September 29, 2011 at 10:57 AM EDT
GrubHub Not Quite Ready to Order an IPO
Online food-ordering service GrubHub is exciting venture capitalists, but it still needs to find its legs before making a public offering.

GrubHub IPOWhile IPOs might be a tough bet for the rest of the year, venture capitalists still are optimistic. They continue to pour huge amounts of money into high-growth companies. And, as seen with the recent public offerings of companies like Zillow (NYSE:Z), HomeAway (NASDAQ:AWAY) and LinkedIn (NYSE:LNKD), it still looks like investors are interested in next-generation dot-coms.

So what companies are VCs looking at? One interesting example is GrubHub, which raised $50 million in a new funding. The investors include Lightspeed Ventures, Mesirow Financial, Benchmark Capital, Greenspring Associates and DAG Ventures.

GrubHub got its start back in 2007. The founders met while at Apartments.com but got the entrepreneurial itch. Basically, they saw an opportunity to transform the restaurant business. GrubHub would make it extremely easy to order food online, then have it delivered. The service would be free to users, but companies would be required to pay a commission for each lead.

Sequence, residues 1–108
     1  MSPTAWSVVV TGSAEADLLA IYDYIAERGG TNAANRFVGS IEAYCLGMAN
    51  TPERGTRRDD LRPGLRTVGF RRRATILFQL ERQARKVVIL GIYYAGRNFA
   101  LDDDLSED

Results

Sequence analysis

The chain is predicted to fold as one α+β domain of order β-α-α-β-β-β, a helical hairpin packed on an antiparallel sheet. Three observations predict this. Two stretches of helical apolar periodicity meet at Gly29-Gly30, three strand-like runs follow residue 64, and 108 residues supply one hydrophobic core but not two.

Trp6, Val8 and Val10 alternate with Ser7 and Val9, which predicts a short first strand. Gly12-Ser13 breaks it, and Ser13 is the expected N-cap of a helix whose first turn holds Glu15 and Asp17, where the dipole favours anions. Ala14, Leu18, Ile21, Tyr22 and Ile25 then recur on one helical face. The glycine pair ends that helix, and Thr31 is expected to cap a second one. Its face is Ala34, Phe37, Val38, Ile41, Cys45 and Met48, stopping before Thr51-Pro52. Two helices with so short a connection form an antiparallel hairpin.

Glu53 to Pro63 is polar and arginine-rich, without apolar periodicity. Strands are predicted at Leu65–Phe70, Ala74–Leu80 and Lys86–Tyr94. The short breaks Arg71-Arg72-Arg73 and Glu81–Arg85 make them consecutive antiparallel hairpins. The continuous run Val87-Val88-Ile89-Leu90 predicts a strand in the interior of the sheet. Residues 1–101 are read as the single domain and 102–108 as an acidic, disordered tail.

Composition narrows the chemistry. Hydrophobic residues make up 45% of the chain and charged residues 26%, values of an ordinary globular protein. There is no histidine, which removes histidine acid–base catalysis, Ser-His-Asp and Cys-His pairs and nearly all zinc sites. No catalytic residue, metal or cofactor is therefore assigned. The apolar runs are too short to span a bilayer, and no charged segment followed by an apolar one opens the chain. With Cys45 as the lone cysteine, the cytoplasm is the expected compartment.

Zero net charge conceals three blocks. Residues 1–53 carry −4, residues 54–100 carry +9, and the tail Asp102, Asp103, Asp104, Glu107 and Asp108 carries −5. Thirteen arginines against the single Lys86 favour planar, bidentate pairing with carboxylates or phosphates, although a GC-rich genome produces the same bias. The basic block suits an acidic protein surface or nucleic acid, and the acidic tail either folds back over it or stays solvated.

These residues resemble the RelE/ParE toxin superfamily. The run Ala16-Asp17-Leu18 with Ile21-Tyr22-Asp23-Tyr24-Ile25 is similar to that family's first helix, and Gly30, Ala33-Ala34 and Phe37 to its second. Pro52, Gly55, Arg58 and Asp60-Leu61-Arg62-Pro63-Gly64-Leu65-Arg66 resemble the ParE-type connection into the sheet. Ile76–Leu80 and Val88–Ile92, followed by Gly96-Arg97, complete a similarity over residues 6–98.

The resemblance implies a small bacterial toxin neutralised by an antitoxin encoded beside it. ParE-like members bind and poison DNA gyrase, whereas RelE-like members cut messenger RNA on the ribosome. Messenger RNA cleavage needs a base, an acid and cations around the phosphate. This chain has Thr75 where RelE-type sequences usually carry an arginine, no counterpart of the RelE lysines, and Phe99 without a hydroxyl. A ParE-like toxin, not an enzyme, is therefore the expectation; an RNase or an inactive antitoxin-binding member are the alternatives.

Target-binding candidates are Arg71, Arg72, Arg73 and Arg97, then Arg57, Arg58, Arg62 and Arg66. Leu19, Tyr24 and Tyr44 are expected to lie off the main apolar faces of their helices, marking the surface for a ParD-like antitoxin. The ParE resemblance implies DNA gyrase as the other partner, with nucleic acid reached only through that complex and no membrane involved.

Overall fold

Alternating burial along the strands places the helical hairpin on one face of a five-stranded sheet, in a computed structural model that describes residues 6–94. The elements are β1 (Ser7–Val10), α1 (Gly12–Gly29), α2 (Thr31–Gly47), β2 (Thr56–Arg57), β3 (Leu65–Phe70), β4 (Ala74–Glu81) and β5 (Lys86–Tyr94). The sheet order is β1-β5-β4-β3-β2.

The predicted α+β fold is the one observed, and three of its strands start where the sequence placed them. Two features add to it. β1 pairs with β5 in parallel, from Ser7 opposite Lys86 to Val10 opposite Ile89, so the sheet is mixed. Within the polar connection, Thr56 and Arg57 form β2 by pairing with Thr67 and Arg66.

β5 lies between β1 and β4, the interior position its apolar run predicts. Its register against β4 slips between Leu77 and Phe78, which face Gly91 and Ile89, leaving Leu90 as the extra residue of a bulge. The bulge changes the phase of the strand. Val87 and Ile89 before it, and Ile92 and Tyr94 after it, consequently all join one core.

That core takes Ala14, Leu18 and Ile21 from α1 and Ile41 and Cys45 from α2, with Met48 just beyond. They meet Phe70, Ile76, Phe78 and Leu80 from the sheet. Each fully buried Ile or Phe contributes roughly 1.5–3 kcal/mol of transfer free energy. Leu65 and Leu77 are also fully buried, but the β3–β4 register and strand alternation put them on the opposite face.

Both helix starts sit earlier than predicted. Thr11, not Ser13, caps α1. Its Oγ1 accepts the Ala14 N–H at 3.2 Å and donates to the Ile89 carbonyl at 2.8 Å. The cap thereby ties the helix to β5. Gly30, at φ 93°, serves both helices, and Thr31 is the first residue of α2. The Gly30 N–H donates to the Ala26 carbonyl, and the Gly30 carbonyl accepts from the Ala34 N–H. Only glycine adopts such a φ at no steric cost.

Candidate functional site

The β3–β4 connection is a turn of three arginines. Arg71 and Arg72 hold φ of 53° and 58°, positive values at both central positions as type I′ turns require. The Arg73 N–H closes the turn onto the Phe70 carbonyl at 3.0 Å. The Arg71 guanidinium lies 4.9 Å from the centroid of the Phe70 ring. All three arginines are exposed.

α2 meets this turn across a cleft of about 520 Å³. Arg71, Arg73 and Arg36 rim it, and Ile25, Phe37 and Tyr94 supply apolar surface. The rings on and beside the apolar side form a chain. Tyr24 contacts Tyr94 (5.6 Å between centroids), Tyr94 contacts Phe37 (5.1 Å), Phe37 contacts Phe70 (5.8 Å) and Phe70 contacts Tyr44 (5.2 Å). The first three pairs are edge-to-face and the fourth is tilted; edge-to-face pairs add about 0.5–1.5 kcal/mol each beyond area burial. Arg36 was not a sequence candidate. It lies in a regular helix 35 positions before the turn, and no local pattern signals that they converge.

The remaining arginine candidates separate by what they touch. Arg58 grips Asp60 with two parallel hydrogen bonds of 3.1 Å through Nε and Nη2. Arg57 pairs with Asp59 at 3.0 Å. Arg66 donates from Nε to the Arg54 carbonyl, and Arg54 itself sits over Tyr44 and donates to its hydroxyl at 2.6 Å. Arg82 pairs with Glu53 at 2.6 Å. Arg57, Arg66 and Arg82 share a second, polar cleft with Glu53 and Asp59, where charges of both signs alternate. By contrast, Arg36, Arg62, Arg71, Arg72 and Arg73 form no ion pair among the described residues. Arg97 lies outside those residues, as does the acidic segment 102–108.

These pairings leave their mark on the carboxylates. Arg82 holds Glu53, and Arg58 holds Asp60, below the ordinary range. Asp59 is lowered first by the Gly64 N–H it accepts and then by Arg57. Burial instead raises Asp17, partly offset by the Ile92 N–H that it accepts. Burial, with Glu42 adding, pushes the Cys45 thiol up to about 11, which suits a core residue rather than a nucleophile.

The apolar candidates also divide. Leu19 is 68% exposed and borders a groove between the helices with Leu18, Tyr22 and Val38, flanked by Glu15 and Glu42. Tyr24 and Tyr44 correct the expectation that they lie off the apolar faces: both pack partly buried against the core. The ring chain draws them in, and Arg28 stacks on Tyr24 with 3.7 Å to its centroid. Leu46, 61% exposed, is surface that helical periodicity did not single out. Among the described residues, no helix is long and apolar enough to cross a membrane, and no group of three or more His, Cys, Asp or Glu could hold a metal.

So how is GrubHub doing? Well, it is hard to tell. But so far, the company has relationships with 15,000 restaurants, with an emphasis primarily on major cities such as New York, San Francisco, Philadelphia and Los Angeles.

What’s more, GrubHub is using its financial heft to expand via acquisitions. The most recent deal the company made was for Dotmenu, which has an online restaurant service for campuses.

As for an online-based food IPO, GrubHub can point to the success of OpenTable (NASDAQ:OPEN), the restaurant reservation network. Even though the company has seen a drop in its stock, the valuation still is at a hefty $1.1 billion, or 60 times earnings.

Yes, these kinds of metrics should get VCs excited. Still, in light of the difficulties in the IPO market, GrubHub probably will not unveil an offering until well into 2012.

Tom Taulli is the author of “All About Short Selling” and “All About Commodities.” You can also find him at Twitter account @ttaulli. He does not own a position in any of the stocks named here.


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